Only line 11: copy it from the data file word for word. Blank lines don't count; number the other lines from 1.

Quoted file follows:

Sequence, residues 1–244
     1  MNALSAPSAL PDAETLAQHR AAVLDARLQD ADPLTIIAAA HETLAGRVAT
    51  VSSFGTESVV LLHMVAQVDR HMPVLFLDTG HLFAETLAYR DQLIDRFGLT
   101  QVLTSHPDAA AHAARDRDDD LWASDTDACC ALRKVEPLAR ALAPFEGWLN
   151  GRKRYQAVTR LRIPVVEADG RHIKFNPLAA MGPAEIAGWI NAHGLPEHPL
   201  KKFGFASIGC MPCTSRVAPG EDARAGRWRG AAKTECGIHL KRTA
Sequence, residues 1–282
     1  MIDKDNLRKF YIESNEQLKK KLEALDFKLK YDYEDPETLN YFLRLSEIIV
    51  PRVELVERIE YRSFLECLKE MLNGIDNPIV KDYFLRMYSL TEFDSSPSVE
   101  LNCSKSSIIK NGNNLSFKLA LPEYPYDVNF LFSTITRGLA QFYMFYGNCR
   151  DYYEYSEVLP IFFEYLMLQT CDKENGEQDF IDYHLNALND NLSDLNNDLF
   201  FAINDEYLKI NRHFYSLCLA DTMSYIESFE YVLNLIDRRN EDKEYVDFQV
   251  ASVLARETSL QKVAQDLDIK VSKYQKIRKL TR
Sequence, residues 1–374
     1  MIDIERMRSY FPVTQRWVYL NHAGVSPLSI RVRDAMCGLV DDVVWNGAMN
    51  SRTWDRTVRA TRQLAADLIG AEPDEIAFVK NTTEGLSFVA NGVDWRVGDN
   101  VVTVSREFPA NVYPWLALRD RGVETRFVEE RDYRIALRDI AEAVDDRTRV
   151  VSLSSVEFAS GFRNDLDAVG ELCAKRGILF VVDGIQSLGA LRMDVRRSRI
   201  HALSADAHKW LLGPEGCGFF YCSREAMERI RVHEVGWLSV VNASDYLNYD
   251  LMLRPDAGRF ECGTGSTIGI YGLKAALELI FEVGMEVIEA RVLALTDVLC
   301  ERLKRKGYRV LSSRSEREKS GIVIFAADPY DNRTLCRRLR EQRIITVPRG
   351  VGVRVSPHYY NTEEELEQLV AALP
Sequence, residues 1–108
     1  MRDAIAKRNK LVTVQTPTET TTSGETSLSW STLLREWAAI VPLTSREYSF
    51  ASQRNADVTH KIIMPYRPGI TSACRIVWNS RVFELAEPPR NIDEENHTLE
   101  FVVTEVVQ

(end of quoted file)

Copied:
   151  DYYEYSEVLP IFFEYLMLQT CDKENGEQDF IDYHLNALND NLSDLNNDLF